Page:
18 easy weeknight dinners that dietitians cook on repeat

Don’t know what to cook for tea? These dietitian-approved easy weeknight dinners are sure to become part of your weekly rotation.

You’ve had a hectic day, and the last thing you feel like doing is slaving away in the kitchen.

Instead of ordering takeaway, try one of our dietitians’ favourite last-minute meals – you’ll have a healthy, easy weeknight dinner on the table in no time.

18 dietitian-approved easy weeknight dinners

Vegetable curry

A warming and nutritious meal, vegetable curry is one of dietitian Alice Bleathman’s go-to dinners.

She suggests using shortcuts, such as using a pre-made spice mix and adding tinned beans to save you from chopping mounds of vegetables.

“To make the curry, simply fry onion with the spices, add in any vegetables and canned beans or legumes you would like, and then coconut milk,” Alice says.

“Simmer for 10 to 20 minutes on low heat, until (the) vegetables are cooked through.

“Serve with basmati rice and a dollop of Greek yoghurt on top, and garnish with whatever you choose.”

This meal ticks a lot of health boxes.

“It’s high in fibre, which aids in digestion and healthy bowel movements, and is rich in vitamins and minerals for overall health and wellbeing,” Alice says.

“The spices also have a high antioxidant content, which helps protect against chronic disease.”

Three recipes to try:

Tofu and vegetable stir-fry

“Tofu is an excellent source of complete protein, containing all the essential amino acids your body needs,” Verde Nutrition Co dietitian Amanda Smith says.

The beauty of a stir-fry is that it comes together quickly and with this meal, you can have dinner on the table in 20 minutes, she says.

To make things easier, Amanda suggests chopping vegetables ahead of time, or using chopped frozen veggies.

Cook the cubed tofu in olive oil until golden, then set it aside.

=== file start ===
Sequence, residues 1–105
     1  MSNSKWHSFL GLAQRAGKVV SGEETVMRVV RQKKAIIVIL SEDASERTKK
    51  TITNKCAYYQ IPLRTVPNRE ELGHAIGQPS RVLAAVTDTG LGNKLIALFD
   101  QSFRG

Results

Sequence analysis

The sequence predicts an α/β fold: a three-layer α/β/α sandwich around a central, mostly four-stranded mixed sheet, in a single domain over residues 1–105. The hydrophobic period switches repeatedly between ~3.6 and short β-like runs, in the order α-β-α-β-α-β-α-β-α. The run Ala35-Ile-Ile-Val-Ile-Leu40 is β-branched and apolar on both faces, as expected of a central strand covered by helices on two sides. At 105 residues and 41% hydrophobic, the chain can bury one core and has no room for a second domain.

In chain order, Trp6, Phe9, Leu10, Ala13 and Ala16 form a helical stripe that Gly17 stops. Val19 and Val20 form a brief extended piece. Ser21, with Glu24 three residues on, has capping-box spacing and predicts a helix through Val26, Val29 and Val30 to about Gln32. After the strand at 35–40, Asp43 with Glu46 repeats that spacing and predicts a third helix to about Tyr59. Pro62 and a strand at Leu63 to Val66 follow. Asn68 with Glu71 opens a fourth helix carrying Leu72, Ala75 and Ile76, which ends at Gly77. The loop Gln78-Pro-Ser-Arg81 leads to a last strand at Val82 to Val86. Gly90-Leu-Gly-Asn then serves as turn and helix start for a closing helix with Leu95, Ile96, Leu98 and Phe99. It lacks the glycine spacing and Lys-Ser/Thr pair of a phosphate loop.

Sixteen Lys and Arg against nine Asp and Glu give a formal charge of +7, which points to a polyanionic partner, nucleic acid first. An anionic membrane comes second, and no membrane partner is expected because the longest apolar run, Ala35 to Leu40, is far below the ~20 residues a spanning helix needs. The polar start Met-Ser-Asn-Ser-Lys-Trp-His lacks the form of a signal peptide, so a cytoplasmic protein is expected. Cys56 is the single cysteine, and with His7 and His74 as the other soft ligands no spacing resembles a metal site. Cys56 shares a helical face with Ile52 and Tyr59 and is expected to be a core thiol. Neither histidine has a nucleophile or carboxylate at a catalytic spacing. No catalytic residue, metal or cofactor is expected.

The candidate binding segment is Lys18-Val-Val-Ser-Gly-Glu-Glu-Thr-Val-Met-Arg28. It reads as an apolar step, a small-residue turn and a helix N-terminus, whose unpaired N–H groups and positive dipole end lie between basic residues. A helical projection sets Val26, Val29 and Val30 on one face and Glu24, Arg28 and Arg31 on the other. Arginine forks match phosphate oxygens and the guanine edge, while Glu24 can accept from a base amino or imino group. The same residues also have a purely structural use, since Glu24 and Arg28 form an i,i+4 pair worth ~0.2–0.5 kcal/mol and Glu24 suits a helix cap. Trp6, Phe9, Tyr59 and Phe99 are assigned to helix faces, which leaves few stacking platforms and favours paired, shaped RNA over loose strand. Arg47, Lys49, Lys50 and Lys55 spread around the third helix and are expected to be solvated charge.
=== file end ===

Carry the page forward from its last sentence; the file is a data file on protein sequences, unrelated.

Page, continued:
Next, cook the vegetables, then add the tofu back in with flavourings – Amanda uses a dash of soy sauce or tamari, oyster sauce, and a handful of fresh herbs such as coriander, basil and/or chilli.

Serve with microwave brown rice, soba noodles or wok-ready Hokkien noodles to reduce prep and cooking times even further.

Three recipes to try:

Poke bowls

“When I’m short on time for dinner, my poke bowls are my go-to,” dietitian Rebecca Gawthorne says.

“I have the salad veggies chopped in the fridge, ready to go, along with cooked rice.”

To save even more time, Rebecca uses canned tuna or chickpeas, for a vegetarian option, which means there’s no cooking – simply assemble your bowl when you’re ready to eat.

“They (poke bowls) are filling, easy and delicious,” she says.

This dish has plenty of fibre and an array of beneficial plant compounds, including antioxidants and phytochemicals, and is especially beneficial for gut, immune and heart health, Rebecca notes.

Three recipes to try:

Bean burrito bowls

This dish is highly customisable, Alice says, allowing you to mix and match various legumes, vegetables, grains and proteins.

She uses either lean beef or chicken mince, or a vegetarian soy protein, which she cooks with a little taco seasoning, then adds tinned legumes such as black beans, pinto beans or kidney beans; vegetables such as spinach, corn or tomatoes; and cooked grains such as rice or quinoa.

Top bowls with avocado and Greek yoghurt, and voilà – dinner is ready!

“Beans are particularly high in fibre and when paired with rice and other grains, they provide all the essential amino acids needed for muscle repair, immune function and overall health,” Alice says.

Three recipes to try:

Lentil salad

Rebecca’s lentil salad is quick and easy and doesn’t even require you to turn on the stove!

Simply mix together tinned lentils, diced cucumber, chopped red onion, avocado and cherry tomatoes.

Crumble feta and mix through, sprinkle fresh herbs such as parsley, and drizzle salad with dressing made from lemon juice and olive oil.

“Packed with veggies, herbs, legumes and low GI foods, (this meal will) provide you with sustained energy and a balance of macronutrients and micronutrients like iron, zinc and magnesium,” Rebecca says.

Three recipes to try:

One-tray Mexican bake

This is one of Amanda’s weeknight faves, as it’s easy to make and versatile – simply change up the spices for different flavour combinations.

To save time, she suggests using ready-made taco seasoning, pre-chopped vegetables and chicken tenders or strips.

To make the bake, place some chopped vegetables on a tray (typically, sweet potato, carrot, red capsicum, zucchini and onion) and drizzle them with olive oil.

Add spices and top with chicken tenderloins or chicken breast strips, then bake for 10 minutes.

Top with kidney beans and bake for a further 10 minutes.

To finish, toss through spinach leaves then add a dollop of Greek yoghurt, salsa and coriander on top.

“(This dish) contains a diverse range of plant foods, as well as legumes, which are great for our gut health and therefore overall health,” Amanda says.

“To boost the plant points and nutritional benefits even further, try adding a few extra spices such as dried oregano and onion powder.”

Easy tray bakes:

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Written by Tania Gomez